Blah, blah, blah, soapbox! is what you're crying, right? Well, TOO BAD. I'm not perfect, far from it. I order Chinese takeout once in a while, happen to LIVE for a decent crab rangoon. On busy days out shopping for my fresh produce, we might hit Wendy's for chicken nuggets (or as my daughter calls it, 'the chicken nugget store'). But I will call you out - yes, you - on being a lazy American, and not trying something by hand. There is no excuse, for instance, for buying whipped cream in a can when you can make your own whipped cream, complete with flavors YOU choose, and no preservatives. And I mean, gallons of it! One half cup of heavy cream can yield a full 1 cup of whipped. Plus, it takes less time than you could possibly imagine.
   Did I mention, you're doing this by hand? NO MIXERS ALLOWED. Doesn't count. My goal here is to break you from your technological dependence. Even when we THINK we're doing it "by hand", we're using machines to make it easy for us. Stop making it easy for yourself. You can do it, I have faith!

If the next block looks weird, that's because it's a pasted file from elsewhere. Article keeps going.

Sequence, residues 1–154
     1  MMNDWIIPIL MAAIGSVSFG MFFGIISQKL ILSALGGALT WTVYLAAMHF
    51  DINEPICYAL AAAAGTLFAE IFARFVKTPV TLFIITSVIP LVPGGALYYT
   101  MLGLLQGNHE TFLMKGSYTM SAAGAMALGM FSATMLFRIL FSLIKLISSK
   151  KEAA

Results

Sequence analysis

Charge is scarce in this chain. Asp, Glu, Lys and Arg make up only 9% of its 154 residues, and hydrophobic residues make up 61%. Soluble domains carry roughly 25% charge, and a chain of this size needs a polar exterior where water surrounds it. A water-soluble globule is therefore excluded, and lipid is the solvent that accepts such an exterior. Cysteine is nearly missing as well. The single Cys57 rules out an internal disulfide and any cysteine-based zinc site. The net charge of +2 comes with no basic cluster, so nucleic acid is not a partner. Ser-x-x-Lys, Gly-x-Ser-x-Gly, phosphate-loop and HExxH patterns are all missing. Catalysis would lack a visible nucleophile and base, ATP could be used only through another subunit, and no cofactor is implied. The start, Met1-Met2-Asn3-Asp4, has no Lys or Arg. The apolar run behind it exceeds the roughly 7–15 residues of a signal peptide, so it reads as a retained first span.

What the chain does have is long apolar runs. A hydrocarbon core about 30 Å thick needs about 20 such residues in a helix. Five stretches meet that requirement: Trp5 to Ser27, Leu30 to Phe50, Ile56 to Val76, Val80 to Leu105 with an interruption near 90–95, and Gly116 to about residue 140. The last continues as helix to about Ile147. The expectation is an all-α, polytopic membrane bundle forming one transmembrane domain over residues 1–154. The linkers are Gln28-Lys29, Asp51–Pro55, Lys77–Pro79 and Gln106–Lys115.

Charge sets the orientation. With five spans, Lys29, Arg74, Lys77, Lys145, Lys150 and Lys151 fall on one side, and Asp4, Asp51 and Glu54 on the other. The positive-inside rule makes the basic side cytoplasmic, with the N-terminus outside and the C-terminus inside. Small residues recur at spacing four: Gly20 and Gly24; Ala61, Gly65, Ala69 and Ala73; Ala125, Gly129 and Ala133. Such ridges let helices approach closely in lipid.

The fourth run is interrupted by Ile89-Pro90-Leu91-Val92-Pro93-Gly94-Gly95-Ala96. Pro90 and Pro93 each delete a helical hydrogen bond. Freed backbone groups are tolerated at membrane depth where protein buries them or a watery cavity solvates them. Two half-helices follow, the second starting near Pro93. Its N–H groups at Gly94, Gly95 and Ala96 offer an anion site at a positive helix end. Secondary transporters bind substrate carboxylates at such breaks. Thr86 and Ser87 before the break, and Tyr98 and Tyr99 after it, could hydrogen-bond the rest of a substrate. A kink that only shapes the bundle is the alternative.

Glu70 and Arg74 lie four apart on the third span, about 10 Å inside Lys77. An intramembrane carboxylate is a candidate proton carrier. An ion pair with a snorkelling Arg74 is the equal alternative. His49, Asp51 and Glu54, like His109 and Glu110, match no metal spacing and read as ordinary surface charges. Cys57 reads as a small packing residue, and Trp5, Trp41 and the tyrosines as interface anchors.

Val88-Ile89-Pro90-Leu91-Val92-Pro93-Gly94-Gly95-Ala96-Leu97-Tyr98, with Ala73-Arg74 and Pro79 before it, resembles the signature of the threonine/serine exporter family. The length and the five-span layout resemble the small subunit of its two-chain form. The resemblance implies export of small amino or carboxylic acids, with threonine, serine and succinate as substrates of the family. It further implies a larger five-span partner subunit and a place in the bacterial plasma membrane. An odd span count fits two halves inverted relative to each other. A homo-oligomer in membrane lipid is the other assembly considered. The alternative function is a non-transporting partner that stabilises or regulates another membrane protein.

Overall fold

Easy Whipped Cream - makes 2 cups
You'll need 1 cup heavy whipping cream, 2 tbsp. sugar, and 1 tsp. flavoring of your choice, either real vanilla extract, rum, or just about any other liquid flavoring you want. I would not use coffee; if you want coffee whipped cream, add 1 tbsp. instant espresso into the cream and dissolve before whipping. Pour everything into a bowl. Grab a WHISK - that's the balloon shaped, wiry thing in your miscellaneous kitchen stuff drawer - and start beating in a circular motion, as fast as you can. You will quickly realize 1) your arm is getting a workout!, and 2) the cream is !surprise! getting thick. Keep whipping until it looks like the stuff you squirt from the can. Now, look at the clock. It takes me about 1 1/2 minutes to make, being an experienced cook - which incidentally, is less time than it takes me to figure out how to open the Redi-Whip cap. It might take you three minutes tops. In that time, have your partner in eating cut up some delicious store-bought pound cake and top it with fresh peaches or berries. I bet you'll finish first!